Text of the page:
News

UK skills shortage threatens food and drink manufacturing competitiveness, reveals report

Tom Newcombe , 03 Jan 2013

skillss

A shortage of talented candidates is threatening the food and drink manufacturing sector, according to a survey published today by recruitment consultancy JAM.

The report, which draws on the opinions of more than 750 food and drink manufacturing professionals, reveals widespread concern that a skills shortage could potentially leave the UK lagging behind international rivals in the sector.

Nearly half (46%) of respondents claims their company is struggling to find candidates with high-level skills, with shift managers and product development specialists highlighted as particularly scarce.

The report also revealed that 46% believe that young people emerging from education without the necessary skills for work will pose the greatest risk to the sector in the next 10 years.

When questioned about attracting fresh talent, 64% said they believe that the industry itself is not doing enough to raise awareness of career opportunities.

The report found that 65% claim their salary is not indicitaivce of their abilities. Over half (52%) of the professionals surveyed earn a salary of less than £20,000 and not one respondent took home more than £70,000.

Two-thirds of respondents felt that the Government should do more to tackle the skills shortage, with the provision of funding for training in manufacturing subjects and businesses offering graduate and apprenticeship schemes being the most popular means of support.

If additional financial aid from the Government was forthcoming, 56% state that their company would be more likely to take on apprentices.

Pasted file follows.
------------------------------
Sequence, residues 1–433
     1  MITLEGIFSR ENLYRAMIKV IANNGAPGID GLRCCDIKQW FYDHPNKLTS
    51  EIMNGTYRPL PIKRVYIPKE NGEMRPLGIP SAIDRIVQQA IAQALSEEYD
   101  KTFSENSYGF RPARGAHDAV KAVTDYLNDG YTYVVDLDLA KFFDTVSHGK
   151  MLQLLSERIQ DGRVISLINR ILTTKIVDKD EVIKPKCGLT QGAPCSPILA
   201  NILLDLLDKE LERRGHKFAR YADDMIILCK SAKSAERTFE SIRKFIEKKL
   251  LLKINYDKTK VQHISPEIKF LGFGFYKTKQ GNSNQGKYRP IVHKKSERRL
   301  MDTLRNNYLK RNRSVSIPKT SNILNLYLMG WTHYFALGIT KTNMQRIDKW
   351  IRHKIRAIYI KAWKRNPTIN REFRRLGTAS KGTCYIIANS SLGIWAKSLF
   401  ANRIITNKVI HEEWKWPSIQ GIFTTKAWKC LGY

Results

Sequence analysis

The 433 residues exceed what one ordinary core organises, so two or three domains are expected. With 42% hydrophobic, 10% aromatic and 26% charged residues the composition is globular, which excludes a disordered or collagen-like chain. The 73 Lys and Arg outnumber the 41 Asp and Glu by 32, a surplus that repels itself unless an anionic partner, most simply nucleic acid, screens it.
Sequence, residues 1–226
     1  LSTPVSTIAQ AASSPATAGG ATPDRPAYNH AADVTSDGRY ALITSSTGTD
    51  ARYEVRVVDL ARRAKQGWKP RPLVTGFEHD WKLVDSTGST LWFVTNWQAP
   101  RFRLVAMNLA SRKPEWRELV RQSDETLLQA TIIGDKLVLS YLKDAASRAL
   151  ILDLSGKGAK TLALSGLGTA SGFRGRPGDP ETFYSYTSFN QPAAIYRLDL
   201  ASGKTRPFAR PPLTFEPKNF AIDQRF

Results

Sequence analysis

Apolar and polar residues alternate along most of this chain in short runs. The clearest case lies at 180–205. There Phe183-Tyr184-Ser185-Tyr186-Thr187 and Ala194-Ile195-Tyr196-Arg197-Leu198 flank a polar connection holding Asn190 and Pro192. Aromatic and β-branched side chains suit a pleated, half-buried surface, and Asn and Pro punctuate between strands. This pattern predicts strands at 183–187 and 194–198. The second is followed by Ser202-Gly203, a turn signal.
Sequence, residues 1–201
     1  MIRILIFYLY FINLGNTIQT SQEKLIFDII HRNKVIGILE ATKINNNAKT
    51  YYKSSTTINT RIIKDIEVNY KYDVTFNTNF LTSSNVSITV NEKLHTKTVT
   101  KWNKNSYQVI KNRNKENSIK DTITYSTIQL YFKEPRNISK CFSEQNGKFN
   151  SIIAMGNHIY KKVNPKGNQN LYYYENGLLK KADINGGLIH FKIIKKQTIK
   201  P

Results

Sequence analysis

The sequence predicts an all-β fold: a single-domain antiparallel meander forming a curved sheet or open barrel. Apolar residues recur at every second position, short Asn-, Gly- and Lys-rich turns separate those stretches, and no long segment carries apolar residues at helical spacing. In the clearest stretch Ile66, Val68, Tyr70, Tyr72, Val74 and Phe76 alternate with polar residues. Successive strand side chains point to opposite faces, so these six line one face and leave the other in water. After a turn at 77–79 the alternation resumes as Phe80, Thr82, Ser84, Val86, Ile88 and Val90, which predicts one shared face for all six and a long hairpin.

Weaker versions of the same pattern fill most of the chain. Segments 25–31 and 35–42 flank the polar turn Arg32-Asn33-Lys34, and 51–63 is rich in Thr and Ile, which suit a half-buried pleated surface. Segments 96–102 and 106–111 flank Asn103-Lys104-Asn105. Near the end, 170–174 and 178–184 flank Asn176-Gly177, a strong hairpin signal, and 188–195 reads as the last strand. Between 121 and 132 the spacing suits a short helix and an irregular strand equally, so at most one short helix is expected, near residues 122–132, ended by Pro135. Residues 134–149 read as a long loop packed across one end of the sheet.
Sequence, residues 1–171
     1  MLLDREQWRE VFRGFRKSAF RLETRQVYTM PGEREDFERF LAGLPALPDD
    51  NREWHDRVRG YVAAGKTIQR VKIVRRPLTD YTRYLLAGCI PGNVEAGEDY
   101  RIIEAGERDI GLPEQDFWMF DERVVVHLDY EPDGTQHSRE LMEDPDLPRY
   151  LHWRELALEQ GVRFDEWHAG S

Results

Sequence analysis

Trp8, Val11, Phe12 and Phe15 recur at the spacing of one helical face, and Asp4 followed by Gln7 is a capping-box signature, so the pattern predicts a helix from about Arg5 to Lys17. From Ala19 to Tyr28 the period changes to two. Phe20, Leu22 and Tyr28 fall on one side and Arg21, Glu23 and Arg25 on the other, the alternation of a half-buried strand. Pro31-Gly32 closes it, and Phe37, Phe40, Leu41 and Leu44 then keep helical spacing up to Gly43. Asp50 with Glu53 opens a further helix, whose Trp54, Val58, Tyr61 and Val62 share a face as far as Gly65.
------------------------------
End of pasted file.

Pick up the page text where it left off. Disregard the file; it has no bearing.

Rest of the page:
Samantha Tildsley, principal account manager at JAM Recruitment, said: "High profile acquisitions of British food and drink manufacturers such as the take-over of Cadbury by US-based Kraft Foods last year will be fresh in the minds of many, so it's little surprise that our respondents expressed concern at how the UK is performing against international competitors.

"This unease is heightened by apprehension over the sector's ability to attract new talent. Employers need to increase their efforts in raising awareness of opportunities among young people and look to offer competitive remuneration to ensure the skills of their future workforce are up to scratch.

"While change does need to be driven from within, it is also made apparent that the food and drink industry should not have to bear this cross alone.

She added: "The Government should see this as an opportunity to support British businesses by incentivising them to invest in training and apprenticeships."

In November HR magazine held a Live Web TV debate on the skills gap in the UK. This is still available to view and you can also take part in the research.

Click here to register and watch now

1 comment on this article

Your comment

Click here to comment

Training & Human Resource Development

Tasha Lester 03 Jan 2013

This is definitely surprising. There is an immediate need to train and develop individuals in order for these organizations to thrive. Perhaps in addition to training, there needs to be systems put in place such as incorporating Human Resource Development practices to alleviate performance gaps and skill deficiencies. The UK has always been a leader in organizational development and performance management. Regardless of competition, it is imperative to take care of home. Moving a business across country isn't the answer. I would love to assist in any way. Tasha Tasha Lester Consulting, Inc. www.tashalester.com

In this issue: September 2014
fragment image

Model Leaders – What kind of leaders do we need now? Find out in this special issue

Breaking the Silence – Lucy Adams and the BBC

Take it to the bank – HR in charge as TSB branches off

Save us all – Do collective pension schemes work?

MA Business & Leisure Limited © Copyright 2014, All Rights Reserved